The routine might include heat and cold therapy, electronic stimulation, manipulation and mobilization, repeated motion, and exercise.
1. Heat and Cold
Most PT sessions start with moist heat. Applying hot, moist blankets or pads to your back increases blood flow and relaxes the muscles about to be worked. Enjoy a brief nap and enjoy the warmth. After your session, you may feel some pain, and there may be some swelling in joints. Applying ice reduces inflammation and relieves pain before you go off to your next activity.
2. Electronic Stimulation
Muscles that have gone unused for a while are weak. Your therapist or aid may attach sticky-backed electrode terminals and hook you up to a TENS machine to begin strengthening them.
By sending pulses of electricity, the muscle starts to work. You will feel a tingle but no pain. TENS treatment also stimulates blood flow. Because electronic stimulation helps reduce pain, you may get a treatment at the end of a session for that purpose.
3. Manipulation and Mobilization
Some therapists use the same kind of manipulations chiropractors use. These movements are short rapid thrusts that adjust your skeleton.
All physical therapists employ mobilization or repeated slow, gentle motion. Before having you work weak muscles yourself through exercise, a therapist or assistant will move your body for you to lightly engage the muscles and gently adjust your spine.
They might repeat a motion 10 or 15 times. Manipulation may include manual traction if you have bulging discs.
By gently pulling your legs or from behind your head, a physical therapist separates your vertebrae slightly to allow discs to relax back into a correct shape. The treatment feels wonderful because the pressure comes off the nerves that are causing you pain.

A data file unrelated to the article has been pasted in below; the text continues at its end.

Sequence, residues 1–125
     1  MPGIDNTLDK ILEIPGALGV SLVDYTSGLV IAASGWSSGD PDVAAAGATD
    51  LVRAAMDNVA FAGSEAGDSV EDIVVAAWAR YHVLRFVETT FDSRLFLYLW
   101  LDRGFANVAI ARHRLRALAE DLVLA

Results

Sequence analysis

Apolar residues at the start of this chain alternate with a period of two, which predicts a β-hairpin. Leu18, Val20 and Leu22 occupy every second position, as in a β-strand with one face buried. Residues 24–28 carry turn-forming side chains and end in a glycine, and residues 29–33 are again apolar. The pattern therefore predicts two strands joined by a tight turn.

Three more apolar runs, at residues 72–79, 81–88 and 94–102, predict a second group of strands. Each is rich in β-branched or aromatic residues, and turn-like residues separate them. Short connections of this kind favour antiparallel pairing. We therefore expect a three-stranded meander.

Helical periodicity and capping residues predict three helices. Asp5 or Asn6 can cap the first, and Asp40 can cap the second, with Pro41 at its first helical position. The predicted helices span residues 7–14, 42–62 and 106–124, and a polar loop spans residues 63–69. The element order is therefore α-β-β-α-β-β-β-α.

Since so many back problems happen because of weak muscles and incorrect posture, exercises can be the most useful in eliminating pain and preventing future back problems. Movements will stretch tight muscles, strengthen muscles, and correct posture. Some typical exercises include:
- Lying with your knees up and tilting your knees to one side and then the opposite side.
- Lifting your leg slightly off the bed for a few seconds at a time
- Standing or sitting tall in a chair with correct posture for a count of ten and then relaxing
- Pulling on elastic bands to work various muscle groups from your legs and arms to the abdomen and, back
- Standing with your back to the wall and sliding up and down
- Lying on or rolling on big rubber balls
Usually, you see a physical therapist a few times a week. Between sessions, it’s important that you follow any instructions your therapist gives you. You will probably be asked to do some or all the exercises and stretches you have been taught.
You might use a heating pad or ice before and after the workout. Following the instructions will allow you to progress much more quickly. Once you finish therapy, continuing to repeat the exercises will help keep your back healthy and prevent future problems and pain.